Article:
I continue to see and hear problems from farmers who are growing Oats this winter. Oats are the most susceptible to cold injury of the small grains we grow in the area and a series of nights with temperatures below freezing are have showed the results. The low temperature of 22 F on January 7th is the coldest temperature we have recorded in January. I spoke with a dairyman in the area who reported this has been the most challenging crop of oats he has grown, and by far looks worse than any he has seen. I also spoke with Rome Ethredge, University of Georgia Extension Agent in Seminole County Georgia about the conditions of the crop in Georgia, and his area is seeing challenging conditions as well. Mr. Ethredge indicated seeing patterns of cold injury related to compaction and insufficient nutrients. Specifically, less vigorous plants are being injured by the cold.
We do not expect permanent damage to the oats, as the growing point is below ground during the tillering stage until jointing. Research has shown that Oat cultivars vary in their tolerance to cold temperatures. Oats are primarily planted in North Florida for grazing, hay, and silage. Damaged oats may require an additional fertilizer application especially where the patterns appear to be related to low vigor as a result of insufficient fertilizer. However, I have observed moisture stress on nonirrigated fields leading to the same conditions. Review the status of the fertilization program and rainfall received before making additional fertilizer applications.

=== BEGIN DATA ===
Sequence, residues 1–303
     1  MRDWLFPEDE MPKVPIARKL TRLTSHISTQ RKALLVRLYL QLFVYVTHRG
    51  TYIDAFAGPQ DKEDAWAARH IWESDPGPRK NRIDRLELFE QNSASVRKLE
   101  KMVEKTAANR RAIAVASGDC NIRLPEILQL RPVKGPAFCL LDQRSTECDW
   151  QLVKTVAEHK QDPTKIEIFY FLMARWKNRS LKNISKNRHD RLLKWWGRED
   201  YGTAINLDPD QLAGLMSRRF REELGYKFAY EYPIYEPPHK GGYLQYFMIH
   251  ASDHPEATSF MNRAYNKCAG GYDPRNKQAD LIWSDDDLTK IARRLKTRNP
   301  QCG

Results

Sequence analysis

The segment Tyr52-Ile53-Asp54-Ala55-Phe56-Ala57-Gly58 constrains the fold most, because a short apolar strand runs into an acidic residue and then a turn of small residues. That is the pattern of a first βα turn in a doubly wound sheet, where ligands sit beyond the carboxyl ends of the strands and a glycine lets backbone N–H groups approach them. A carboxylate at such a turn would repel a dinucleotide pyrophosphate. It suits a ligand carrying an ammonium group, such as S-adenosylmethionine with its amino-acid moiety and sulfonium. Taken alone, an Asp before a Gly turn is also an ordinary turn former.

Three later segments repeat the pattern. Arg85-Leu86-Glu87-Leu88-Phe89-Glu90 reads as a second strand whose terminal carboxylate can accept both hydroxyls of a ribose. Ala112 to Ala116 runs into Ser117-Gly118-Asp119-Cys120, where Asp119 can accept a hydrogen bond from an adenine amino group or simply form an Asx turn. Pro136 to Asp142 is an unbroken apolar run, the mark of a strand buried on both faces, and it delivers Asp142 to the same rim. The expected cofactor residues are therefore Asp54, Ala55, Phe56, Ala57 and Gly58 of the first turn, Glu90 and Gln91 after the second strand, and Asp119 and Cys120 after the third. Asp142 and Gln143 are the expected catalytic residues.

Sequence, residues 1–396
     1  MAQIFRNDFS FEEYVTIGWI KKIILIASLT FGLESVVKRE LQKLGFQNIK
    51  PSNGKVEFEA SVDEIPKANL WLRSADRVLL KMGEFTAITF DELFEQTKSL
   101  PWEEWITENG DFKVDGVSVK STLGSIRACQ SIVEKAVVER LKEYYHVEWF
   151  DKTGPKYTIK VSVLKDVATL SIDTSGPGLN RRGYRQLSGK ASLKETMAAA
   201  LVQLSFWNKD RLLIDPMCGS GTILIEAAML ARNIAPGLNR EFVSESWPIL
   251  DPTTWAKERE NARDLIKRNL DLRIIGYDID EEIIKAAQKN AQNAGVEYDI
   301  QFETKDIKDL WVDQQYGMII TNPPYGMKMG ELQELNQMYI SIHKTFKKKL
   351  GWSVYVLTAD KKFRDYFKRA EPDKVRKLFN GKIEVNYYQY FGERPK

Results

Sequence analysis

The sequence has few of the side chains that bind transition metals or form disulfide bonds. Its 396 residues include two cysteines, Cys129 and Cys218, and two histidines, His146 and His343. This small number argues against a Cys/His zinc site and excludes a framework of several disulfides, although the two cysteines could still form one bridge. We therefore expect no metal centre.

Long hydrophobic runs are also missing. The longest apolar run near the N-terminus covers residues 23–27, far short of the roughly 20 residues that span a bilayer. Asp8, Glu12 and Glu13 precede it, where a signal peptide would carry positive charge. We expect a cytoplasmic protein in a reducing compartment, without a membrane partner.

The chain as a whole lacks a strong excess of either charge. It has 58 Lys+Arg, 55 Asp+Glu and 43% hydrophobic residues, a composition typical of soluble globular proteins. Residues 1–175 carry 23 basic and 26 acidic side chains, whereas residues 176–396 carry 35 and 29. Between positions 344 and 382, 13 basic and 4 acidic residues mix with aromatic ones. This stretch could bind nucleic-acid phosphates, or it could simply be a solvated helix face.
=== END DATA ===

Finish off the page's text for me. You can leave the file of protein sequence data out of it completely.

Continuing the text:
The attached picture is from a farm in Columbia County where oats were planted for winter grazing. The repeating streaky pattern of cold injury on this farm appears related to spreader patterns of poultry litter applied before planting.